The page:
Jouhaina Chebbani Bazzi, PA
Wayne State University, Detroit, MI
The physician walked into the room with a bewildered look on his face. “Your father has a…an abnormal looking area in his neck bones…we can’t tell exactly what it is. I’m going to refer him to a neurologist that specializes in diseases of the spine. He should see him as soon as possible, so we set up an appointment for tomorrow morning. Will that work for you?” As a hundred thoughts raced in my mind all I could say was “um, yeah sure.”
I was in the second year of my Physician Assistant program when my father was diagnosed with multiple myeloma. It turned out his neck pain wasn’t just arthritis or a strained muscle as his doctor had initially thought. He had a cancer of the bone marrow that would end up taking his life in just a little over one year. During this time I accompanied my dad to every appointment, diagnostic test, surgery, and ER visit. I knew every one of his 15 medications by heart. I had all of his doctor’s names and contact information, a summary of each appointment and important diagnostic test results written in my trusty notebook. My father trusted me with every aspect of his healthcare and was so proud to tell all of his physicians and nurses that his daughter was a PA. I graduated from my PA program in May 2012, and my father passed away the following year in June 2013.
As my father’s illness began to emerge we were introduced to the world of doctor’s appointments and hospitalizations. Most of my father’s healthcare providers were very kind and compassionate. I can recall one physician in particular who was always very busy as was evident by the waiting room filled with patients, but when in the exam room he made us feel as though my father was the only patient he had on the schedule. On the rare occasion when we came across a healthcare provider with poor bedside manner, I vowed to never be that way. I realized that patients and their family members are highly vulnerable and are counting on the guidance and help of their healthcare team to make it through each day. One simple smile or word of encouragement can make a world of difference.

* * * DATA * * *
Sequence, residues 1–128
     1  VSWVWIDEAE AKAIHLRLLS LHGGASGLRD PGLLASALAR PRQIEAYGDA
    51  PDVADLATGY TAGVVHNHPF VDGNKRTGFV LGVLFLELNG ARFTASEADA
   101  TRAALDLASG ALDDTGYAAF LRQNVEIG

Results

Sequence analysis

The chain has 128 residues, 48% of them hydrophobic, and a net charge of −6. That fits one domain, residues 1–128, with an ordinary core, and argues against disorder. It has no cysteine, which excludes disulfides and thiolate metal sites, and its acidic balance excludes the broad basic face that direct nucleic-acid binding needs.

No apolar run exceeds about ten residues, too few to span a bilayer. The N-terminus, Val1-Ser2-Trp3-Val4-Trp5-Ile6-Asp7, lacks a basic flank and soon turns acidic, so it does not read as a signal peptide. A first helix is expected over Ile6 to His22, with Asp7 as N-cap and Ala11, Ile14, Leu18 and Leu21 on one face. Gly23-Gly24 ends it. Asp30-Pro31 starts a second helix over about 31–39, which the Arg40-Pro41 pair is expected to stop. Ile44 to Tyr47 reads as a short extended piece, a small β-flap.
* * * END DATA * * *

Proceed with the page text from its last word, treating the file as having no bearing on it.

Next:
I have always enjoyed helping people. It was, after all, the reason I chose to become a PA. Sympathy came naturally to me, however, by the time I became a healthcare provider I had a better understanding of what it’s like to walk in my patient’s shoes. I also understood first-hand what their family members were going through. I had experienced true heartache and personal sorrow, and in doing so slowly traded in sympathy for empathy.
As novelist Mohsin Hamid put it “empathy is about finding echoes of another person in yourself.” I have been a PA for 5 years now and every elderly male patient still reminds me of my father. Whenever I see a patient accompanied by their child who has their “trusty notebook” handy, I say a prayer in my heart for my father. It is a reminder that every patient is someone’s parent, child, grandparent or best friend. My experiences on the “other side” have been etched in my heart and in my mind forever, and have molded me into the healthcare provider I am today.
I urge anyone seeking a career as a healthcare provider to consider their patient’s perspective. Be ready to listen before you speak, and take the time to answer questions and ease concerns. Keep in mind that sometimes your body language speaks louder than your words. Most importantly, do not enter the room with preconceived notions or a rigid plan of action. Instead, enter the room ready to treat your patient as you would your own family, with kindness, compassion and empathy.